Oh no Dee. I am so sorry. I am crying for you. I am so sorry.
Menita
(lifesjestbook)

 
At 4:41 PM, Blogger Lexi said...

I am so sorry. I know exactly how you feel. I, too, went in for an u/s thinking I was going to come out with good news and was devastated. I remember being taken aback at the strength my sadness had. Thank goodness for good men.

My heart goes out to you.

 
At 4:56 PM, Anonymous Anonymous said...

I am so sorry...What a terrible terrible thing to deal with..I cannot imagine.... Just hold on tight to that husband of yours...

alex (the infertile gourmet

 
At 5:34 PM, Anonymous Anonymous said...

I'm so sorry.

~Brooklyn Girl

 
At 5:45 PM, Blogger Wavery said...

Hate the hiccup crying, hate the crying so hard it induces a headache. But really really hate the heartache.
I am so sorry.

 
At 5:46 PM, Blogger Barren Mare said...

I really am so sorry.

 
At 8:20 PM, Blogger Toni said...

I am so sorry....I will keep you in my prayers...

 
At 10:02 PM, Blogger Dawn said...

It is just so sad. I am truly sorry for your loss and for your pain. I wish so much that we could make it better, somehow. I am thinking of you..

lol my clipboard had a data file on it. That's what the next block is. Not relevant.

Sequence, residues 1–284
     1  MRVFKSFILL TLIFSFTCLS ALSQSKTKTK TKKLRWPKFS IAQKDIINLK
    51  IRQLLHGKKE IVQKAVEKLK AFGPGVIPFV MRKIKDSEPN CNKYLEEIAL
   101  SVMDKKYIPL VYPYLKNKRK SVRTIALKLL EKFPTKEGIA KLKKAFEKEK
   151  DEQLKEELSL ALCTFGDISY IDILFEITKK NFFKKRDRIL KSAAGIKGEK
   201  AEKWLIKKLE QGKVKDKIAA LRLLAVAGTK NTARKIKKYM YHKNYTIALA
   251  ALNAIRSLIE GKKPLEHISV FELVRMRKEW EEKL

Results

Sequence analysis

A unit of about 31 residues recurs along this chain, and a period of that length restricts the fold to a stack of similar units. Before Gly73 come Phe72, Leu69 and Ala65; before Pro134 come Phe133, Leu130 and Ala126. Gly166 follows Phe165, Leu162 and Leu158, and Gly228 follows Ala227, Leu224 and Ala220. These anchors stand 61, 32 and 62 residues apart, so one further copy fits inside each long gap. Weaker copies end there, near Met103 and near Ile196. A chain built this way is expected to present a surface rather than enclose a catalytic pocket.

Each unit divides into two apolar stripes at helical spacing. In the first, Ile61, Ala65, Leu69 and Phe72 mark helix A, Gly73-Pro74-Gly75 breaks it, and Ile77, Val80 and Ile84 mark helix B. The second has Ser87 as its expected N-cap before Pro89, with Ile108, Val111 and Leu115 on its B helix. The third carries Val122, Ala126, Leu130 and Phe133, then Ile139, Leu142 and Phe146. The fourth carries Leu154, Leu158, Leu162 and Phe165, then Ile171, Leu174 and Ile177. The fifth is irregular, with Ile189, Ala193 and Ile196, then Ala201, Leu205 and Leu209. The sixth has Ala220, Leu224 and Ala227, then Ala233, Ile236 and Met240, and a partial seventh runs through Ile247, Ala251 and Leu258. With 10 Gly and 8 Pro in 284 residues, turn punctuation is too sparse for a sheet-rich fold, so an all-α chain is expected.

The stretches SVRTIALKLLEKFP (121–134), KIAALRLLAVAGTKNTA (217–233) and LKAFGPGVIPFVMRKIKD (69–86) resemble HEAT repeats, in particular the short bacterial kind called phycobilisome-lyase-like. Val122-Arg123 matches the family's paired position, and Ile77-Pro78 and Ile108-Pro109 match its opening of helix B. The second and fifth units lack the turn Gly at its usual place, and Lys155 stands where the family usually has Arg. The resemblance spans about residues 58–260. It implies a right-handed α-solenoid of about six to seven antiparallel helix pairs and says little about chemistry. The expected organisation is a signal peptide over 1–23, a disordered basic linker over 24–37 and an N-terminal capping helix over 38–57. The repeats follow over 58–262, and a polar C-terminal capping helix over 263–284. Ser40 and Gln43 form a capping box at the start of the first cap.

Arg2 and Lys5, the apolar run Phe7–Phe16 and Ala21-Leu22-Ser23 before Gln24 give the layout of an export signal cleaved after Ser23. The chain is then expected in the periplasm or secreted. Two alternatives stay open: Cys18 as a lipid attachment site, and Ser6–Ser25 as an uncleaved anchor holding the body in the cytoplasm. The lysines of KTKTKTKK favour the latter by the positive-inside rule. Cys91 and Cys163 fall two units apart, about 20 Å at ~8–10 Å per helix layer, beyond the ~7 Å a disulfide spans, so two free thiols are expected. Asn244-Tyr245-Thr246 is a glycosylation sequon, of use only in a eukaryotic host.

At 11:34 PM, Anonymous Anonymous said...

I am so sorry. I wish there was something I could do.

Nina

 
At 3:16 AM, Blogger Sanorah said...

Thinking of you... I'm so sorry.

~Sanorah

 
At 10:08 AM, Anonymous Anonymous said...

I'm so sorry for your loss :(

~Karen

 
At 2:09 PM, Anonymous Anonymous said...

I'm really, really sorry.

Karen/Naked ovary

 
At 4:08 PM, Blogger GiBee said...

This comment has been removed by a blog administrator.

 
At 11:02 AM, Blogger getupgrrl said...

I'm so sorry, my friend. Truly.

 
At 2:31 PM, Anonymous Anonymous said...

I am so heartbreakingly sorry for your loss and pain...so utterly, utterly sorry.

Emily
http://scrambledeggs.blogs.com/scrambled_eggs/

 
At 3:46 PM, Anonymous Anonymous said...

So,so sorry.

Not to be clinical at this tender moment, but it is really good that you had the genetic testing. For me, it provided answers that eventually brought me some peace.

Marla
The Middle Way

 
At 11:22 AM, Blogger Anna said...

another person who is so very, very sorry.

 
At 5:13 PM, Blogger Soper said...

Oh, Dee, I get busy for a couple of days and then I decide to pop over and check on you and I see THIS. Oh, sweet girl. I am soooo sorry. There are not enough words....